Lyric mixes it up with 'Show Boat,' 'Rinaldo'

By Mike Silverman

Associated Press

Published: Friday, March 2 2012 8:45 a.m. MST

In this Feb. 24, 2012 photo, Rinaldo, played by David Daniels, laments the capture of Almirena, in a harpsichord shaped trap, during the final dress rehearsal at the Lyric Opera of Chicago's production of Rinaldo.

Charles Rex Arbogast, Associated Press

CHICAGO — For sheer variety, it would be hard to top back-to-back performances at the Lyric Opera this week of the Broadway musical "Show Boat" and Handel's baroque masterpiece "Rinaldo."

The two works, written more than 200 years apart, were seen in new productions that proved highly entertaining despite some flaws. They also reflected in different ways the financial challenges facing America's opera houses.

"Rinaldo," which opened Wednesday night, has a splendid international cast. All the leads were making Lyric debuts except for American countertenor David Daniels in the title role of the Christian warrior who seeks to liberate Jerusalem from the Saracens.

Directed by Francisco Negrin with wit and imagination, the production uses a simple set by Louis Desire consisting of two angled walls lined with shiny vertical strips of red plastic. A gap at the rear is covered by a movable structure made up of giant block letters that spell out the word "Gerusalemme" as if assembled by a child.

A large harpsichord descends on wires and dangles over the stage, serving as the prison where Rinaldo's sweetheart Almirena is held captive. There are also balloons, a throne that rises from below and a black box in which Rinaldo is transported to the realm of the sorceress Armida.

For much of the night, this inventiveness is captivating, though Negrin seems to run short of ideas near the end. And certainly there's nothing on the lavish scale of what audiences saw at the premiere in 1711, when a flock of live sparrows was released into the auditorium.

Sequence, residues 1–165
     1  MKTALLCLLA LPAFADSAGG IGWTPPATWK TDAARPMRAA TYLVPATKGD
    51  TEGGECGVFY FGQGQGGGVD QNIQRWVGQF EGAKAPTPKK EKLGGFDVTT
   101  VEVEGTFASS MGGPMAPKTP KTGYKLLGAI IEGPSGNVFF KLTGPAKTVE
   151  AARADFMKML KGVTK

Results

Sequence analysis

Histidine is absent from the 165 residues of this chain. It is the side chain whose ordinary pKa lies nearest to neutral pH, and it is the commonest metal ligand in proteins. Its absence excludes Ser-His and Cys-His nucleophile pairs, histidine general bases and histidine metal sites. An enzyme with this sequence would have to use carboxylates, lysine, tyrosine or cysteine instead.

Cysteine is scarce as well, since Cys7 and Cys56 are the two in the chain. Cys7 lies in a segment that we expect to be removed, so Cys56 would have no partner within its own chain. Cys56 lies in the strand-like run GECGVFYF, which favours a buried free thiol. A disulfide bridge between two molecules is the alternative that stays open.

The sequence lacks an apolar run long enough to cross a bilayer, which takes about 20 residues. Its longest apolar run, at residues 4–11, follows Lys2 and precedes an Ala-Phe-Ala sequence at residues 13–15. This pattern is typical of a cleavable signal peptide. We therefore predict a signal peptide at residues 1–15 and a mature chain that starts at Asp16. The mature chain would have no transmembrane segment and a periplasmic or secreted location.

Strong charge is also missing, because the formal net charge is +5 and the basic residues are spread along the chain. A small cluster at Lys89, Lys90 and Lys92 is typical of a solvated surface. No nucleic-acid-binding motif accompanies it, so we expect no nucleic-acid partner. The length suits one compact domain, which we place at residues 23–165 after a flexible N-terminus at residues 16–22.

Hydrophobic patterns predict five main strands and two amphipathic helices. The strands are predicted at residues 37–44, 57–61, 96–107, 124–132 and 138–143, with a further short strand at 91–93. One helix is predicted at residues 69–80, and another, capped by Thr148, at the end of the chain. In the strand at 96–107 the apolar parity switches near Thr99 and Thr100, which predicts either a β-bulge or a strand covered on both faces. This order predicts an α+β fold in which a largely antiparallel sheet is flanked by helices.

But as Negrin says in a program note, doing more with less is a necessity in today's economy. "It's not financially feasible to do productions the way we used to even 10 years ago," he said, "so we have to find other ways of entertaining audiences."

Daniels, a veteran of this role, sang with poise and technical mastery, though his voice has lost power over the years. At times the young English countertenor Iestyn Davies, as the pious Eustazio, threatened to overshadow him with his bright, penetrating sound.

The revelation of the night was South African soprano Elza van den Heever as Armida. Blessed with a plush, dramatic voice capable of formidable power and dazzling high notes, she also showed herself to be a first-rate comic actress.

Her Armida, given to petulance and a fondness for liquor, brought down the house with her Act 2 vengeance aria, which the production turns into a battle of one-upmanship against harpsichordist Jory Vinikour. Later, she and the terrific Italian bass-baritone Luca Pisaroni (as the infidel king Argante) sang a memorable duet rolling around on the floor in hot embrace while plotting their attack on the Christians.

As Almirena, German soprano Julia Kleiter melted hearts with her account of the score's most famous aria, "Lascia ch'io pianga (Let me weep)." Italian contralto Sonia Prina showed impressive dexterity with the tricky embellishments in Goffredo's arias.

Harry Bicket, who conducted last year's production of Handel's "Hercules," was back to lead the orchestra in a stylish performance, despite some coordination issues.

"Show Boat," which played the night before, opened last month in a lively, fast-moving production by Francesca Zambello with a big, multiracial cast and sets by Peter J. Davison and costumes by Paul Tazewell.

It has renewed a debate over whether works from the musical theater belong in the opera house — especially given Lyric's decision to amplify the voices and to cast it with a mix of opera singers and musical theater performers.

Of course, this isn't just any musical. The 1927 show, based on the Edna Ferber novel with music by Jerome Kern and book and lyrics by Oscar Hammerstein II, is a groundbreaking work that deals seriously with issues of racial injustice. And the score overflows with tuneful melodies that make it more operetta than musical comedy.

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